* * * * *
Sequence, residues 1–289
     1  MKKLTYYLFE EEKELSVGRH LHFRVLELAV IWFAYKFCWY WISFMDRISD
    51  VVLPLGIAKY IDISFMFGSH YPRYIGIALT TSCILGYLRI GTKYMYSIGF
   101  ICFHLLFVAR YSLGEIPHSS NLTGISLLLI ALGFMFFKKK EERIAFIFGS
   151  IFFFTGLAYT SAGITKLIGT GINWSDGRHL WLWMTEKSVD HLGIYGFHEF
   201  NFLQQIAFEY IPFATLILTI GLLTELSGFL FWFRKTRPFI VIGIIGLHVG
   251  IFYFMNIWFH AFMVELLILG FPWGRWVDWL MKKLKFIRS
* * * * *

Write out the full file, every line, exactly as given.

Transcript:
Sequence, residues 1–289
     1  MKKLTYYLFE EEKELSVGRH LHFRVLELAV IWFAYKFCWY WISFMDRISD
    51  VVLPLGIAKY IDISFMFGSH YPRYIGIALT TSCILGYLRI GTKYMYSIGF
   101  ICFHLLFVAR YSLGEIPHSS NLTGISLLLI ALGFMFFKKK EERIAFIFGS
   151  IFFFTGLAYT SAGITKLIGT GINWSDGRHL WLWMTEKSVD HLGIYGFHEF
   201  NFLQQIAFEY IPFATLILTI GLLTELSGFL FWFRKTRPFI VIGIIGLHVG
   251  IFYFMNIWFH AFMVELLILG FPWGRWVDWL MKKLKFIRS